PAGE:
(CBS News) PRETORIA, South Africa -- One of Nelson Mandela's grandsons said Friday he expects Mandela to be discharged from the hospital soon. And the man who succeeded Mandela as president, Thabo Mbeki, said in a radio interview that Mandela's health is improving.
Mandela, 94, has been in the hospital for two weeks, fighting a lung infection.
However, what CBS News is hearing is completely at odds with statements from Mbeki. Sources tell us that Mandela's liver and kidneys are functioning at 50 percent, and he had a procedure to repair a bleeding ulcer and another one to insert a tube.
We're told he hasn't opened his eyes in days and is unresponsive. We also understand that Mandela family members are discussing just how much medical intervention is enough for an old and very sick man.
CBS News has also uncovered more about what happened the night Mandela was taken to the hospital. We now know that Mandela went into cardiac arrest that night and had to be resuscitated.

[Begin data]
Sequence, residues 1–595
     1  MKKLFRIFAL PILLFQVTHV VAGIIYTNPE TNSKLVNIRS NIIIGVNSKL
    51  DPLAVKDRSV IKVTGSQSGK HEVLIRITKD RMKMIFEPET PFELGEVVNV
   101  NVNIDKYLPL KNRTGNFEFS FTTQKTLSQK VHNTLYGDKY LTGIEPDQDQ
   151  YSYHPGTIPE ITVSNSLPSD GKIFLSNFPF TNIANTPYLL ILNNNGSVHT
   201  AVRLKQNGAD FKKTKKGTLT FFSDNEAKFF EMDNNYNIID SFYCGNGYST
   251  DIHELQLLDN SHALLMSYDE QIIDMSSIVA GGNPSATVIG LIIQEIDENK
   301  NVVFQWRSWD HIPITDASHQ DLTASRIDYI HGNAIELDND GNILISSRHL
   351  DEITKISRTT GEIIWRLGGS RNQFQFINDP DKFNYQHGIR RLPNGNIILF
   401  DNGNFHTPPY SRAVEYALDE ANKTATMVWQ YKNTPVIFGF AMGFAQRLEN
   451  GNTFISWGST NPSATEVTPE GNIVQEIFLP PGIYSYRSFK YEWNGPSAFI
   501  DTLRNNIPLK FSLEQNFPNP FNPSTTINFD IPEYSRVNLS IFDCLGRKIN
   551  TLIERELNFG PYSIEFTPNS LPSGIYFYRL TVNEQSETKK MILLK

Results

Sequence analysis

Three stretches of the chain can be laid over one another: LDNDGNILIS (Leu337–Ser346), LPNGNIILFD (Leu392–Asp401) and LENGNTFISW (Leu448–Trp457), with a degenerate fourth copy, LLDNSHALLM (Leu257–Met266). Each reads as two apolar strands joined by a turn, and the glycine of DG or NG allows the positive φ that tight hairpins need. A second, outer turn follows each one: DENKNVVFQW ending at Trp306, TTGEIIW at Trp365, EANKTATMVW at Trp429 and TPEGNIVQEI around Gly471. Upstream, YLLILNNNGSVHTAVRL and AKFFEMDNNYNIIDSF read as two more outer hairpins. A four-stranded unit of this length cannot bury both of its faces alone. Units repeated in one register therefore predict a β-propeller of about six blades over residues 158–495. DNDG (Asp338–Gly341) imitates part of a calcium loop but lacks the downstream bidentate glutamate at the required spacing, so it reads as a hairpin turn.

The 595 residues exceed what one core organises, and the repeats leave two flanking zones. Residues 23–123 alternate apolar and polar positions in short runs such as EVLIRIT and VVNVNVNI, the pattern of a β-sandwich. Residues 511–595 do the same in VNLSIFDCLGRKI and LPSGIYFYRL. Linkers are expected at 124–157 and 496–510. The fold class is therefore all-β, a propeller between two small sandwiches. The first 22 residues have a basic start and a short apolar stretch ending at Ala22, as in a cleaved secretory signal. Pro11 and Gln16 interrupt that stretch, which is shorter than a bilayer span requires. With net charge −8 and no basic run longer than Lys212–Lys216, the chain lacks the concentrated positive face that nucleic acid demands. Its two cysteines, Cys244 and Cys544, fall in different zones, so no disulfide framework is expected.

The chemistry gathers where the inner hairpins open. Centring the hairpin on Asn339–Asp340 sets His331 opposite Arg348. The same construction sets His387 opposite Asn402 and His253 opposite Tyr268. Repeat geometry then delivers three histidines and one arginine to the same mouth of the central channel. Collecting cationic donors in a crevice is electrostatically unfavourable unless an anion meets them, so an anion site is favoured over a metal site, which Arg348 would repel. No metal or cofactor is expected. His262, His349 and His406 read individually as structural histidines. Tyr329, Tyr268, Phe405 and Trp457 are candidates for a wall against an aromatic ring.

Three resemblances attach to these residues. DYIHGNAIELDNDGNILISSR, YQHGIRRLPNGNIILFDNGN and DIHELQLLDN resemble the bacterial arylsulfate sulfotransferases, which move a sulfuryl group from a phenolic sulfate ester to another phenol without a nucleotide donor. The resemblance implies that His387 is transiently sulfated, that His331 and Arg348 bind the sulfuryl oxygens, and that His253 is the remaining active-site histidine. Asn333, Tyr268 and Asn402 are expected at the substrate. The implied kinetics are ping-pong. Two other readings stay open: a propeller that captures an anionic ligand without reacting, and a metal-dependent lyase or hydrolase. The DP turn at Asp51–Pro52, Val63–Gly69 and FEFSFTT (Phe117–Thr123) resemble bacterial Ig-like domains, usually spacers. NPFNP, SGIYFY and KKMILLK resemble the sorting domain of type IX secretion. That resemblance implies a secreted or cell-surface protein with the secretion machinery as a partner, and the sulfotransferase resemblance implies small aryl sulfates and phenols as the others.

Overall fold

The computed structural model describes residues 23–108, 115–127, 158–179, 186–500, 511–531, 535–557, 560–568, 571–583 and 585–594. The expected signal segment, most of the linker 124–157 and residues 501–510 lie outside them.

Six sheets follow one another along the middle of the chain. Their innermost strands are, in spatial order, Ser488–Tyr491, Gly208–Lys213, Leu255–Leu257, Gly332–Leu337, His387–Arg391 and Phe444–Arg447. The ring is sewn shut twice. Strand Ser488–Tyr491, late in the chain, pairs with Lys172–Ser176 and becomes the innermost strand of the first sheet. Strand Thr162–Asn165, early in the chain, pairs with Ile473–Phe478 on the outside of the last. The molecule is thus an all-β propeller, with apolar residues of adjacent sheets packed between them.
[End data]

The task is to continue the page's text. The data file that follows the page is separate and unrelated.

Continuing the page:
He was taken in the middle of the night in a military ambulance to Pretoria, but the vehicle broke down, and a seriously ill Mandela had to wait on the side of the highway for over 40 minutes for another one. We don't know why it took so long for a second ambulance to arrive, but he was eventually transferred to a second vehicle in freezing winter temperatures.
The South African government has confirmed there was engine failure, but it says great care was taken to ensure that Mandela's health was not compromised and that his doctors were satisfied the former president suffered no harm.
However, cardiologists we spoke to said any delay -- especially for a man that old -- is cause for serious concern, and while it is difficult to assess, could have had an impact on Mandela's condition.